"We are all migrants, what about you?" Strangers and foreigners on the Earth

"All of us migrants"... My relation to this "affirmation" of Josefa is complex.

I have been walking alongside the Josefa Foundation since the beginning ...

At the time, I rallied what was then only a project, perceiving the opportunity to join others positively concerned with the challenges of migration, constantly questioning in a context of "living together" in the heart of the city of Brussels.

If I attempt to retrace my journey before walking alongside Josefa, migration issues did not concern me. It was rather an issue discussed on the news to which I paid very little attention. As everyone knows, migration flows and their appropriation (recuperation?) by the media have both steadily increased. So I have the feeling of having lived, of living, two experiences intertwined together, constantly contradicting and questioning each other: on the one hand, the experience of an uninformed citizen, impregnated, in spite of myself, with media practices programming us to associate "migration" with death in the Mediterranean, Maximilien Park, a group of well-circumscribed people who are strangers, foreigners, unfortunate, who need help, and, undoubtedly, are generously helped; on the other hand, the Josefa experience constantly questioning certainties. What if we were all migrants? Why talk about "migrants" and not people? What I believe is good for someone else, is it a fair standard? Who receives in the end? In short, by reclaiming our own migrations and respecting the reality of a forced migration, the goal is to have a person-to-person relationship with others, a relationship on equal footing.

As Josefa titillates, "We are all migrants, what about you?", here I am invited to take a step further, that of "what about you?". We are each responsible for reclaiming the reality of our own migration. For my part, I had felt it for some time, drawing from the source of my religious tradition reminds me of this reality of our "migrant being": "We are all travellers; he is a Christian who, even in his home and country, recognizes himself as a traveller." I agree with Saint Augustine’s "All Migrants", an excerpt from a very beautiful book by Jean-Pierre Sonnet (Le chant des montées, Marcher à Bible ouverte, published by Desclée de Brouwer, 2015) and from which I borrow the words to say something about it. This book highlights how much the biblical man, in whom I recognize myself, is basically a being on the move, because "the Bible makes walking the holy environment of the experience of God".

The figures of Adam and the Patriarchs up to Jesus bear witness to this because the First and Second Testaments are a long history of departures.

The first exile, the one of Adam expelled from the garden of Eden (Gen 3.23-24), inaugurates the destiny of the migrant man, every man going through his human existence with "the nostalgia for a lost paradise, the one where he will see his being accomplished".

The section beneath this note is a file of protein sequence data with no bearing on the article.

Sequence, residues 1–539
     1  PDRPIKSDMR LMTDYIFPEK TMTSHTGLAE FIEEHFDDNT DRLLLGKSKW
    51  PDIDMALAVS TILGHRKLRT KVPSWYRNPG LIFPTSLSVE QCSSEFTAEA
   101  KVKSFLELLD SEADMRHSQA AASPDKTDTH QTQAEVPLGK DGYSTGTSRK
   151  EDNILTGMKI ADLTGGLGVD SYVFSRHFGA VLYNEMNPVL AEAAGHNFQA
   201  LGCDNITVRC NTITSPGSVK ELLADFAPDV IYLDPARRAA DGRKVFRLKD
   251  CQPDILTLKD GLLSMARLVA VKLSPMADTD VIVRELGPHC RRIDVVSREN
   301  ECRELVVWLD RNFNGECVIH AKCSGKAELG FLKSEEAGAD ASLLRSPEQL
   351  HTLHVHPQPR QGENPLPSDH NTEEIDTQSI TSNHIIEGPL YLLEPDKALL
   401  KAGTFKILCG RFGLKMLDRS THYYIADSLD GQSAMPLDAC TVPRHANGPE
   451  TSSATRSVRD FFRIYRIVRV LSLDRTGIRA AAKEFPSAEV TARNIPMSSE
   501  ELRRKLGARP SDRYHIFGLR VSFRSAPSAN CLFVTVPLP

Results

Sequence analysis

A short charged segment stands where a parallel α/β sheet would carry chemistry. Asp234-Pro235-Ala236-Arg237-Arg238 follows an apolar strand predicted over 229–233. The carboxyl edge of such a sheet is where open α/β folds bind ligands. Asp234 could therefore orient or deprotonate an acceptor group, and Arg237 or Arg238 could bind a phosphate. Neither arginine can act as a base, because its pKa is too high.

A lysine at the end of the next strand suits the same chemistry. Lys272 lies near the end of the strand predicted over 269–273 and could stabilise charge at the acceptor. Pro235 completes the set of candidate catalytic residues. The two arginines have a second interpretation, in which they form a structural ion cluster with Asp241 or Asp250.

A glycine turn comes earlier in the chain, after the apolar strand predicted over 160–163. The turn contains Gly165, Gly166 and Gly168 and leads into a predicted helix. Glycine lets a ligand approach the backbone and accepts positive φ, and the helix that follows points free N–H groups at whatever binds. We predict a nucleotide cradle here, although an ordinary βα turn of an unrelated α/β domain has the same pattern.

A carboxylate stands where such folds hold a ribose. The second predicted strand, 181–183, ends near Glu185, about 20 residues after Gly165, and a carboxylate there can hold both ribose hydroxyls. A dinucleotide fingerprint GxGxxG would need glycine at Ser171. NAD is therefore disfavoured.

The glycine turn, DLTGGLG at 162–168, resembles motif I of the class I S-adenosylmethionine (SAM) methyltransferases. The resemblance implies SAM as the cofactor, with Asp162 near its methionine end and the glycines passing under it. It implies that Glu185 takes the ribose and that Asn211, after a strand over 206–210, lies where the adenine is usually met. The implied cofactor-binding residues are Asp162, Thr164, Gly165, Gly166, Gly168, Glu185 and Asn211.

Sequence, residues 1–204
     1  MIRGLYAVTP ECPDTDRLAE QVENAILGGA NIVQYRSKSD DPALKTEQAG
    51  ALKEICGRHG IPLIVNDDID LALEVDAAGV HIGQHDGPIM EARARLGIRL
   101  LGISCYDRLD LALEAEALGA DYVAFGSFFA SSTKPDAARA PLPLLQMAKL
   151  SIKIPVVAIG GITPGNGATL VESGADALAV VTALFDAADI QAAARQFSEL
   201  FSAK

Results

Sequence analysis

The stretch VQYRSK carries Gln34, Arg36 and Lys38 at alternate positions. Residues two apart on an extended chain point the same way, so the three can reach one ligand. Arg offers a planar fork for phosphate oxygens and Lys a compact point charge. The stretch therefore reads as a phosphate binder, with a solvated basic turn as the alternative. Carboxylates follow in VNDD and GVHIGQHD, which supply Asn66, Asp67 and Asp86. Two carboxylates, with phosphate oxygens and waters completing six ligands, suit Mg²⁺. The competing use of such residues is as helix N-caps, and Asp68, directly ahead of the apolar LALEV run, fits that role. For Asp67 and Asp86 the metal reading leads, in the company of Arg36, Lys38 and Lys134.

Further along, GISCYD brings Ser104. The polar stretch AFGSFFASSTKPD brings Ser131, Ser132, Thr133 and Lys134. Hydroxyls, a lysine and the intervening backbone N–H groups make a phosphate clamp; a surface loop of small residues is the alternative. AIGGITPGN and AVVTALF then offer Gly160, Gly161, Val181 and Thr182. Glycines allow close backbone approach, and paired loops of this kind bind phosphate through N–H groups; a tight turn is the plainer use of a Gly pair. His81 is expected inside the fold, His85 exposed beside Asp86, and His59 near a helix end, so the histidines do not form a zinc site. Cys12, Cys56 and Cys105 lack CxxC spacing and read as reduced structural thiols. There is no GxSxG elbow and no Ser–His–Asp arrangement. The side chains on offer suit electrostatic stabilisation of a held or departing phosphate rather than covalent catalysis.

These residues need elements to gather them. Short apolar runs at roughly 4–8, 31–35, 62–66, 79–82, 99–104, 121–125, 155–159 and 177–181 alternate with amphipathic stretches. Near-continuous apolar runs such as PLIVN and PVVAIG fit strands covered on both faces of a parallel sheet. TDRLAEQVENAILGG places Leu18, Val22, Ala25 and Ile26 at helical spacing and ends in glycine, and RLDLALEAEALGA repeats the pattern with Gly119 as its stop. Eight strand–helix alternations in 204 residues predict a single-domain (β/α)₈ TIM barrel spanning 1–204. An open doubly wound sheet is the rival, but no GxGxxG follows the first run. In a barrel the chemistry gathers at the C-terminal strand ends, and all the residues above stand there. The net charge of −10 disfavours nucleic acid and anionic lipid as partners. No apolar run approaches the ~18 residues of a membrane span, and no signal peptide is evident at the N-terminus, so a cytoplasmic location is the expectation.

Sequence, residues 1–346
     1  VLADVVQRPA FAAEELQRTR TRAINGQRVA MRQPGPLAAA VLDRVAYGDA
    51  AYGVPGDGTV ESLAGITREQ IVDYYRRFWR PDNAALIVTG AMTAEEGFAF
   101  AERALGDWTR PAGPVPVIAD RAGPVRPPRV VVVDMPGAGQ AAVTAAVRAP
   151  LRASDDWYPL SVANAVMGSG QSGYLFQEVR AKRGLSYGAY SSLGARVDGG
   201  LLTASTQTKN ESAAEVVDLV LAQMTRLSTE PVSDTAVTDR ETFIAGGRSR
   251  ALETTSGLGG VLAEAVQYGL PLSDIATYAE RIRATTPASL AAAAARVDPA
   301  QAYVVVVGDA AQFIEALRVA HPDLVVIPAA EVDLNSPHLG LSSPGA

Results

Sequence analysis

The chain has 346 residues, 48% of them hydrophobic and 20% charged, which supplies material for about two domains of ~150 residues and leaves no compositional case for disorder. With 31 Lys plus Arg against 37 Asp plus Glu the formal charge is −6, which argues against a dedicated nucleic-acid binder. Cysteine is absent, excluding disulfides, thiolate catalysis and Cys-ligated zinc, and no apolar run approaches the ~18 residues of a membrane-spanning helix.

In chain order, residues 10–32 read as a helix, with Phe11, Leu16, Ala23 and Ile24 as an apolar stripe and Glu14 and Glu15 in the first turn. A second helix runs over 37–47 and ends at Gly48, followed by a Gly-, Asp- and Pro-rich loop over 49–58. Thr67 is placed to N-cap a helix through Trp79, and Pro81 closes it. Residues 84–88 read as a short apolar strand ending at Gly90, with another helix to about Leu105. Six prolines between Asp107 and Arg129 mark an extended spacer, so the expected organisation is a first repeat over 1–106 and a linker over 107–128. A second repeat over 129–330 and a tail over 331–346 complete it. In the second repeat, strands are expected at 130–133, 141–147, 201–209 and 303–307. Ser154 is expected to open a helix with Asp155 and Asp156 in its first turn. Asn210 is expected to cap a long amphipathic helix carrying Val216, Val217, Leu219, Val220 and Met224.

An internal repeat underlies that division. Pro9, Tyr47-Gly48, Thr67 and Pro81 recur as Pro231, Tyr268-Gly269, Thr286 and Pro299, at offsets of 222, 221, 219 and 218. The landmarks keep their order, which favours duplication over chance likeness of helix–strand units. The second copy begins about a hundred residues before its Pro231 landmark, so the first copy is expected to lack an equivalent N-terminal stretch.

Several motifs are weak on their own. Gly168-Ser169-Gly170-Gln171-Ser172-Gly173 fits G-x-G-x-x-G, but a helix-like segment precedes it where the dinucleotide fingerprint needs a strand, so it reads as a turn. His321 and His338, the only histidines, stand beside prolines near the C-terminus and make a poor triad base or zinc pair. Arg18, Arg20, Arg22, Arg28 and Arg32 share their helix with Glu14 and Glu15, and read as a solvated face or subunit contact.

Following Adam, the patriarchs acknowledged that they were "strangers and foreigners on the earth" (Heb 11.13).

With Abraham, "God engages humanity in the ‘long way’, that of patiently travelled roads and slow learning", tempted as we are by the shortcuts "of the immediate possession of the desired end" (which explains the self-deification in the episode of Babel, betraying a "jealous impatience doing without the learning of otherness, especially of divine otherness").

With Moses, "Israel is born as a people in the traumatic and liberating experience of leaving Egypt". And this exodus is experienced as a journey reorienting an existence towards the absolute of God. With Elijah, what initially was a flight became a homecoming. He returns in the footsteps of Moses, thus extending the founding journeys, and in a "theophany in a low voice, he receives his mission again".

Thus, until Jesus, the founding journeys of the people of the covenant are ongoing. "In the Bible, as in life, walking represents the freest part of mankind, in response to God’s calls, and that which exceeds freedom in the path of an existence", because from the biblical point of view it is not the man who walks who directs his steps (Jer 10.23; Ps 16.11).

Jesus thus gave freely to his existence "the form of an ascent to Jerusalem, which will continue as an elevation on the cross, an ascent, a paschal exodus to the Father".

"Therefore, for Christians, the pilgrimage is no longer made to a place, but in an embodiment in the person of Christ on the move. The "holy place" gives way to the symbolic "milieu" that is the body of the paschal and pilgrim Messiah, completing his course in that of human beings". And this resurrected Messiah is like never before the being on the move. He is forever the one who precedes us and joins us, as he did for the disciples of Emmaus: "Jesus himself came near and went with them" (Lk 24.15). And on this path, Jesus opens the scriptures to them!

The way of the scriptures speaks to me. It tells me about my own life, its flights, its wanderings, crossings, liberating advances, desires for fulfilment, in short, my human condition that is fundamentally migrating. Our most decisive roads are inside of us. In this, I recognize myself in migration.

And of this migrant condition that we all share, "hospitality is the respondent, like the other side of the same experience, greeting in the "passer-by" knocking on the door the condition of all". This is perhaps the gift that is made to us in this forgetful 21st century. From this place, a meeting is possible, from person to person. Yes, as a host to each other, we repeat what we are: "Strangers and foreigners on the earth".